How’s this for an exercise warm-up: Write a letter to yourself 20 years in the future.
The simple act of penning a note to your future-self will increase your likelihood of exercising and push you to workout longer, according to a new study from Columbia Business School’s Michael Slepian. And perhaps counterintuitively, Slepian also found, it’s more beneficial to feel connected to yourself 20 years down the road than only a few months away — which has implications for self-improvement in business, management, and other skill development.
“The more we feel connected to our distant selves, the more we understand that, while some behaviors don’t impact ourselves in the short term, cumulatively they add up,” says Slepian, an assistant professor in the management division.
It’s easy to skip or skimp on a workout, or to justify eating that bag of chips or pint of ice cream, because these decisions yield little to no immediate gain or loss. Unlike activities with immediate benefit such as saving money (which results in a measurable financial savings), your life won’t change from one workout or meal.
But can a simple letter change that calculation and help a person connect today’s exercise decisions to the distant health results? To find out, Slepian, who has also studied the temporal effects of keeping secrets, teamed up with the University of California’s Hal Hershfield and California State University’s Abraham Rutchick, Monica Reyes, and Lindsay Pleskus.
First, the researchers questioned 191 people about their physical health and how connected they felt to their future-self. The results showed that people with a stronger feeling of future self-continuity reported significantly better health. Next, 250 people were assigned to write a letter to themselves with the prompt, “Think about who you will be 20 years from now, and write about the person you are now, which topics are important and dear to you, and how you see your life.” Another 250 people wrote a letter to their future-self three months out.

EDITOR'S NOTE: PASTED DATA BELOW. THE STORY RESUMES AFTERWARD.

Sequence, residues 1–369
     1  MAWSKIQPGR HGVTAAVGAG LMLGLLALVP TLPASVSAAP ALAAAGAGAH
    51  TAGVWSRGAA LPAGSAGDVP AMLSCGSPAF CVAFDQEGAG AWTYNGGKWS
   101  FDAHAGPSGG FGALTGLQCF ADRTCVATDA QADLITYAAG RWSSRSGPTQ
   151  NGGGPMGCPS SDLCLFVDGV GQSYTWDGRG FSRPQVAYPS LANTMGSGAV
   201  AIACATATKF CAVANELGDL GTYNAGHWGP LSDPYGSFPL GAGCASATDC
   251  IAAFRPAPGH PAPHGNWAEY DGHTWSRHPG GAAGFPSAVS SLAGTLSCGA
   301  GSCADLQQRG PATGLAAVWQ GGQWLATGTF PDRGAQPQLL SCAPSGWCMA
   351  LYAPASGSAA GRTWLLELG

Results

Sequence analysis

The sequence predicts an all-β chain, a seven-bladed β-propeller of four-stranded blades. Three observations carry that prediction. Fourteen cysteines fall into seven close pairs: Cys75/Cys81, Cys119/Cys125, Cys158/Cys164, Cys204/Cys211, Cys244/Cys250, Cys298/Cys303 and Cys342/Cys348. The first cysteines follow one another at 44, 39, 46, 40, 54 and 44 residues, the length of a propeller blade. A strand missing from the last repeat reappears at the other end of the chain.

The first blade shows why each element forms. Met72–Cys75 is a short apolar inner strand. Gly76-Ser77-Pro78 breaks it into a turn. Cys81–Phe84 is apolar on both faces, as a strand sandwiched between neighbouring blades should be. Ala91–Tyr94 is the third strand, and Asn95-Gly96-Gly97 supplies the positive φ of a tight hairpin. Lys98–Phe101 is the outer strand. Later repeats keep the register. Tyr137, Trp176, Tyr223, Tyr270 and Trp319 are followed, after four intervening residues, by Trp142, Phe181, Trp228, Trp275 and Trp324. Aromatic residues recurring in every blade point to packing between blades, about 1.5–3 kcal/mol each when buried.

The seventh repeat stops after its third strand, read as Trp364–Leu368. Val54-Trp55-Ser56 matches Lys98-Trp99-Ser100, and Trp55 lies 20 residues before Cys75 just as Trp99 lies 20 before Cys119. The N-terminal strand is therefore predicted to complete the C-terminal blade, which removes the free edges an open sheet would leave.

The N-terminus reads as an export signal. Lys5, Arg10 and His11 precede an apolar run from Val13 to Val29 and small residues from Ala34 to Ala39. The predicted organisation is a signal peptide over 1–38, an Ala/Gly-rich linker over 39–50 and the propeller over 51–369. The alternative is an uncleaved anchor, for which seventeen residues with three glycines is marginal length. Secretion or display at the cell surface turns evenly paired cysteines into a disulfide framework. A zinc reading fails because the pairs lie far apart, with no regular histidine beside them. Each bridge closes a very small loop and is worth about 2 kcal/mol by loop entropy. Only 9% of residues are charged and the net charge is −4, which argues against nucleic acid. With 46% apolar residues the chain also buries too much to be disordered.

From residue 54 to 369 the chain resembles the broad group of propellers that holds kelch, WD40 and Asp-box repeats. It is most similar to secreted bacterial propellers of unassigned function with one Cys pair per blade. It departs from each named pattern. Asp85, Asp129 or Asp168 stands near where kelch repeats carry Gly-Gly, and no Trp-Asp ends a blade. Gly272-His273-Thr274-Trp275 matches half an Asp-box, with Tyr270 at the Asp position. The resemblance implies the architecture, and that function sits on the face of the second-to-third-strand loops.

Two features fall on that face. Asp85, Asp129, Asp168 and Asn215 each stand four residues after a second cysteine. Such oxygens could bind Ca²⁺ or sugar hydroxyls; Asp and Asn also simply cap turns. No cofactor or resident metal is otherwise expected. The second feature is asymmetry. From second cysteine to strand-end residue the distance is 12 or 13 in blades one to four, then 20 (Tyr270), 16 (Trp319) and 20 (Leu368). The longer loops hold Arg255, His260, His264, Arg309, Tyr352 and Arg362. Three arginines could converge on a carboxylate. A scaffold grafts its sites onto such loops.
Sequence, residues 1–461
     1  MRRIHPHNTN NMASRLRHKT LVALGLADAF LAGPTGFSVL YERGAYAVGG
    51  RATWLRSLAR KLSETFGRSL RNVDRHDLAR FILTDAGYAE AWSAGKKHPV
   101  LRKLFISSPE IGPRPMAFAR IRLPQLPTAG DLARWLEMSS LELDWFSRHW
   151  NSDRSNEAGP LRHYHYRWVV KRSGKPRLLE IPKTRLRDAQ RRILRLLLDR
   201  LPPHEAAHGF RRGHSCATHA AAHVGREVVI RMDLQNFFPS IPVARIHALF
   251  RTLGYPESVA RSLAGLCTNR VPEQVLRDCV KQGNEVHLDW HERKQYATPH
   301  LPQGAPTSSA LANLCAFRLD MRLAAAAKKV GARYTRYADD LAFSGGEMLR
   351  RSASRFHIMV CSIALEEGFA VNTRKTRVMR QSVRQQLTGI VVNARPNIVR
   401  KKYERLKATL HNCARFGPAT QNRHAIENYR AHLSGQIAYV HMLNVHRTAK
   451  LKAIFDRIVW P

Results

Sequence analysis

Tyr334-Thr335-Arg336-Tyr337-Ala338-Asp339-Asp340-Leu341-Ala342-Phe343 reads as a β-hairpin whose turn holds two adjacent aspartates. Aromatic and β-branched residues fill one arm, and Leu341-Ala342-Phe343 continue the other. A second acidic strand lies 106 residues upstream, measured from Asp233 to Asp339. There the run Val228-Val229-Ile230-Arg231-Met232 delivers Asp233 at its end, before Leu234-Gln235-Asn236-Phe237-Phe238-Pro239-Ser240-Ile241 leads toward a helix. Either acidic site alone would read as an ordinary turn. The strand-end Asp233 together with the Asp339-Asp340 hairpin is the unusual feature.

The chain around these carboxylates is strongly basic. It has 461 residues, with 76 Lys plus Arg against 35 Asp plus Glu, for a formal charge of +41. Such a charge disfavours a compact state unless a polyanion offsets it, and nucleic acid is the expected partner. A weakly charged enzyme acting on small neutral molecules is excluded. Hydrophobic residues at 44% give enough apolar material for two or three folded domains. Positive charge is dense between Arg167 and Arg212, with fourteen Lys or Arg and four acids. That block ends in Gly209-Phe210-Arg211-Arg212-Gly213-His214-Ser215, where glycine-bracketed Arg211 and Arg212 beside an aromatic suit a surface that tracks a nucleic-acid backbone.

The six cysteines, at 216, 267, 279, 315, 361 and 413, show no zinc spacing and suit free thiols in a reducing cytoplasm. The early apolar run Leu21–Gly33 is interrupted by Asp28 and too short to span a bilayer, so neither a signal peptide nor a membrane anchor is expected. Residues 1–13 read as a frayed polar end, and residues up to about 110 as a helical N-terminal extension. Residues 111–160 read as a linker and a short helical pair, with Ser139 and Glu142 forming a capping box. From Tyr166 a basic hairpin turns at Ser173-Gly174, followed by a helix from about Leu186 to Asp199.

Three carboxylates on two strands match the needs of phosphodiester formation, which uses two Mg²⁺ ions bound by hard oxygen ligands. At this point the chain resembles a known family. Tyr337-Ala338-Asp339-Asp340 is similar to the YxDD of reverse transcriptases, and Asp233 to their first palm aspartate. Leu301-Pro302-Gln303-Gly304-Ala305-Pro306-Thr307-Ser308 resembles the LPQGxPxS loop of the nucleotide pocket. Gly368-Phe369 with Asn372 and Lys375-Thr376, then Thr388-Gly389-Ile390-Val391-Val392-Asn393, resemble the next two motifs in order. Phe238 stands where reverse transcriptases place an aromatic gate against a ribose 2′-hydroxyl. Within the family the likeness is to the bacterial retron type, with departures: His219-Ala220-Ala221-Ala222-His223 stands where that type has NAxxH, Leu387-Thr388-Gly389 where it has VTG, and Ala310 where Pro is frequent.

Participants who wrote a letter to their distant-self were 1.43 more times likely to exercise and exercised 1.40 times longer than the people who wrote a letter to their near-future self.
“With a continuous self that exists from today into the future (e.g., 20 years from now), each healthy behavior is no longer seen as isolated, but instead is part of a continuous stream of behavior,” according to the study, “Future Self-Continuity Is Associated With Improved Health and Increases Exercise Behavior,” published earlier this year in the Journal of Experimental Psychology.
The authors see implications from the research for developing skills for new careers and promotions, or for starting a long-term projects.
“Realizing that a new set of skills or credentials are needed to move up the ranks might feel daunting when the future-self feels too far removed,” the authors write. “Yet, when seeing the continuity between one’s current and future-self, the benefit obtained by each effortful task may be better realized.”
Previous academic research has established how a stronger connection between future focus and present behavior can influence our daily lives – be it by encouraging healthy dieting and exercise, or by reducing risk-raking in drugs and sexual activities. Partly as a result, the act of writing a letter to your future-self has become a popular tool for self-improvement, with websites such as futureme.org allowing you to submit a letter that will be sent back to you in 1 to 5 years.
Where Slepian’s study is unique, however, is in linking the current self to the future-self over an extended time perspective of decades. The results suggest that futureme.org is thinking too short-term and should add a 20-year option: The distant future-self appears to have the greatest influence on today’s self.
As for Slepian, he says he’s yet to write a letter to his older self – but he is exercising more these days, which he does credit in part to a stronger sense of future self-continuity.
“It’s not so much about writing the letter as highlighting that connection to yourself in your own head,” he says. “It makes you think, ‘What choices today could have long-reaching implications?’ It gives a shock to the system by forcing you to think about the longer time horizon.”
Read the research
About the researcher
Michael Slepian is Assistant Professor in the Management Division of Columbia Business School. His program of research examines secrecy and trust. He studies the...Read more.